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Some of Obama's Legislative Record in Illinois

Obama_r.jpgWe all know now that Obama is a truly inspiring speaker. What a relief that would be, after the present incumbent, someone in the White House who can speak the language of Shakespeare. But most demurrers of Obama say that he is thin on experience, a lightweight at getting things done. Well, let's look at some of his inexperience.

First, Obama graduated from Harvard Law, magna cum laude, in 1991, as president of the Law Review. He went on to be a civil rights lawyer with a Chicago law firm and teach constitutional law at the distinguished law school at the University of Chicago, from 1993 to 2004; another nice change from George W. Bush, someone who knows enough about constitutional law to teach it.

But what about his legislative record when he was an Illinois state senator from 1996 to 2004? Obama sceptic, Kevin Drum, until his impressive victory speech, last night, picks up the story from an article in today's 'Washington Post':

Consider a bill into which Obama clearly put his heart and soul. The problem he wanted to address was that too many confessions, rather than being voluntary, were coerced -- by beating the daylights out of the accused....The bill itself aroused immediate opposition. There were Republicans who were automatically tough on crime and Democrats who feared being thought soft on crime. There were death penalty abolitionists, some of whom worried that Obama's bill, by preventing the execution of innocents, would deprive them of their best argument. Vigorous opposition came from the police, too many of whom had become accustomed to using muscle to "solve" crimes. And the incoming governor, Rod Blagojevich, announced that he was against it.

....He responded with an all-out campaign of cajolery....The police proved to be Obama's toughest opponent, [but] by showing officers that he shared many of their concerns, even going so far as to help pass other legislation they wanted, he was able to quiet the fears of many.

Obama proved persuasive enough that the bill passed both houses of the legislature, the Senate by an incredible 35 to 0. Then he talked Blagojevich into signing the bill, making Illinois the first state to require such videotaping.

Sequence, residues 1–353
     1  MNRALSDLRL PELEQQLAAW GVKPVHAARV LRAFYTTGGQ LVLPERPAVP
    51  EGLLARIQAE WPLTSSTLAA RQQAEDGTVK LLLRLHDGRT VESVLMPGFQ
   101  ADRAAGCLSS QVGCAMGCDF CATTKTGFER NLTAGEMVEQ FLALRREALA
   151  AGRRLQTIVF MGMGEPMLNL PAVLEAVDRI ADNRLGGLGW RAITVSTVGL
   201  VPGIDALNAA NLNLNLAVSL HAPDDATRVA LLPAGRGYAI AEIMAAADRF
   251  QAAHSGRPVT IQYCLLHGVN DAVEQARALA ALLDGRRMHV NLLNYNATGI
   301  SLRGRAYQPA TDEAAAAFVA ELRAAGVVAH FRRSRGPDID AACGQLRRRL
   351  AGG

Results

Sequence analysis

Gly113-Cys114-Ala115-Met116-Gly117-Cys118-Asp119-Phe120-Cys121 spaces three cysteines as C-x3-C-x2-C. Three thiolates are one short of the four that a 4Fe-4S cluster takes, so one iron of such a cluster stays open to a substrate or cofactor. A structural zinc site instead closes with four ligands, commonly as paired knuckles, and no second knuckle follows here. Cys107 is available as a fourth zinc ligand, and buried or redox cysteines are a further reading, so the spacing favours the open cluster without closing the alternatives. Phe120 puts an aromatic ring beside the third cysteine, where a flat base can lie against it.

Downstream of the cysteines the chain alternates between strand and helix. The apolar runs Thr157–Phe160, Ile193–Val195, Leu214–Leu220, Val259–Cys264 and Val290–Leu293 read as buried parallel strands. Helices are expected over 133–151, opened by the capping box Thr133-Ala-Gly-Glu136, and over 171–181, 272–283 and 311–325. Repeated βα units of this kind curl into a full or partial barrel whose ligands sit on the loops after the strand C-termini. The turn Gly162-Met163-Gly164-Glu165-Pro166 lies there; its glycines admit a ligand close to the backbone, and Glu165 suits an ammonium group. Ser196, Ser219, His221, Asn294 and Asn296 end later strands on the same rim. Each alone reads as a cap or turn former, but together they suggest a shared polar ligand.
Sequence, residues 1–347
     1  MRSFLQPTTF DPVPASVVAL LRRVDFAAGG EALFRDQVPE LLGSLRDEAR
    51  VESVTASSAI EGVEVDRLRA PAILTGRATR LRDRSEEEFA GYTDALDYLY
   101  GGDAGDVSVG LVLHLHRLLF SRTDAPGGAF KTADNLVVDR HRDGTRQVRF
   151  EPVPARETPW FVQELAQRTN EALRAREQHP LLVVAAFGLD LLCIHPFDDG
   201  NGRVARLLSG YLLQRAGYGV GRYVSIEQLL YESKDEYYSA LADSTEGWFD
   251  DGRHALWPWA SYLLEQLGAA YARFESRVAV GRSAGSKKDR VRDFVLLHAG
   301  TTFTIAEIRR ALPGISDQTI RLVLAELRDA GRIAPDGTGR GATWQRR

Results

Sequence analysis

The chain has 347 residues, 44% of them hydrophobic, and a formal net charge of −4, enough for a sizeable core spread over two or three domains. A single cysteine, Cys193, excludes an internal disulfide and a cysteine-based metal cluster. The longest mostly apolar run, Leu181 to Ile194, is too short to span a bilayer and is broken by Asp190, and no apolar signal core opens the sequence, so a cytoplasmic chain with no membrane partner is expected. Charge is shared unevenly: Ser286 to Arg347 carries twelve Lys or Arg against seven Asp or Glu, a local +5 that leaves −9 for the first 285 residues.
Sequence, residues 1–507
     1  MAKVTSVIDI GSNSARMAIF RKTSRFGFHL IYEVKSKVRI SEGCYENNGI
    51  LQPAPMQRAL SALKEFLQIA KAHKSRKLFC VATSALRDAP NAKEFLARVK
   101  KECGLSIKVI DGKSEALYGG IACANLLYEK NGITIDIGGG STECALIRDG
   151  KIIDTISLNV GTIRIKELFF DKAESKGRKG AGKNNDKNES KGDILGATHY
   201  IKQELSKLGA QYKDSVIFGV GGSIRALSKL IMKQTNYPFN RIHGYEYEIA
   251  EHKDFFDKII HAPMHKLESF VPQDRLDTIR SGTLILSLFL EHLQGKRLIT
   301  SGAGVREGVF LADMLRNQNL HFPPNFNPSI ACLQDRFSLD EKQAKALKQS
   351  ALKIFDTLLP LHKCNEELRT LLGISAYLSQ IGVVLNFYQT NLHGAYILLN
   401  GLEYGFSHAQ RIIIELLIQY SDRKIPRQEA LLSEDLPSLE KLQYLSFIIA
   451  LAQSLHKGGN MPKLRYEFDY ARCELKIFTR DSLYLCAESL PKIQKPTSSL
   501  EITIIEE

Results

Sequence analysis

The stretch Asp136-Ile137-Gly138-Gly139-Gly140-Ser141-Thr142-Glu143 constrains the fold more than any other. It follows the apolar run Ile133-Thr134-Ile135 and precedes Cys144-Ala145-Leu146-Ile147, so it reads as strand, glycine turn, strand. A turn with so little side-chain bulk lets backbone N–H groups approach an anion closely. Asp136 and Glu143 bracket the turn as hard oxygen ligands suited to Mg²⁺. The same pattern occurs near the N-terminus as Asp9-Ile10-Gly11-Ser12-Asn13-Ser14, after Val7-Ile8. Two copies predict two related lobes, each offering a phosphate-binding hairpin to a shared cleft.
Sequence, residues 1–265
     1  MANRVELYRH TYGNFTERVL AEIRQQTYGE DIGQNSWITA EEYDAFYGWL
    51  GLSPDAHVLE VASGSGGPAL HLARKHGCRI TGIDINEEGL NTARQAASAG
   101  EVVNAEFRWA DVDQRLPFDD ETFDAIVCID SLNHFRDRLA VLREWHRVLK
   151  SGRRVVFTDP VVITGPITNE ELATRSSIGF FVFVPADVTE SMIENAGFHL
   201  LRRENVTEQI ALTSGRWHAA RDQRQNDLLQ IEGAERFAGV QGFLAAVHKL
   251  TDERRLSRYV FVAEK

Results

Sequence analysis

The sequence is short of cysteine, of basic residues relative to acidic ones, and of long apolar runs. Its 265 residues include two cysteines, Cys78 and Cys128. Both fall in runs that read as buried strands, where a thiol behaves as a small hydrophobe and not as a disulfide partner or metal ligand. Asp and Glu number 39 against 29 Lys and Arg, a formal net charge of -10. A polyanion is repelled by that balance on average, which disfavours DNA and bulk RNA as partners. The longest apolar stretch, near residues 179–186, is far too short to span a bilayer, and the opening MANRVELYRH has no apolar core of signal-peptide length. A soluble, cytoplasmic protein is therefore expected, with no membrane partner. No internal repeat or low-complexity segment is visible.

As one commenter, Archpundit says to the still slightly sceptical Kevin.

It was fought tooth and nail Kevin. The cops and prosecutors were adamantly against it for some time including the Democratic Cook County Prosecutor.

I swore reform was dead after the commutations, Obama pulled it off. It was an incredible sight.

The end result was truly amazing. The police groups hated the idea and they hated racial profiling legislation -- he passed both without angering them, but by working with them, listening, and showing good faith. I never thought it would pass with Democratic State's Attorneys opposing it, strongly even -- but he pulled everyone along and did it pretty quickly.

I know sometimes the claims sound too good to be true, but he is truly an amazingly talented politician with the right values. I like the other candidates, but every time I've seen him underestimated, he pulls out a victory whether it be electoral or policy.

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Comments (1)


Obama's Accomplishments in the first year and a half in the US Senate:


Obama accomplished more in 3 years than Hillary did in 7 years.

He worked with Senator Coburn (R) on legislation and got it passed into law. Lugar (R) and Feingold (D) likewise. Which proves he can work across the aisle with republicans and democrats alike. Senator Lugar and Senator Coburn are two of the toughest republicans in Congress.

Obama's years as an Illinois Senate made great strides and accomplished quite a bit including increased health care coverage for the less fortunate.


His accomplishments are significant and important, but not covered much by the MSN.


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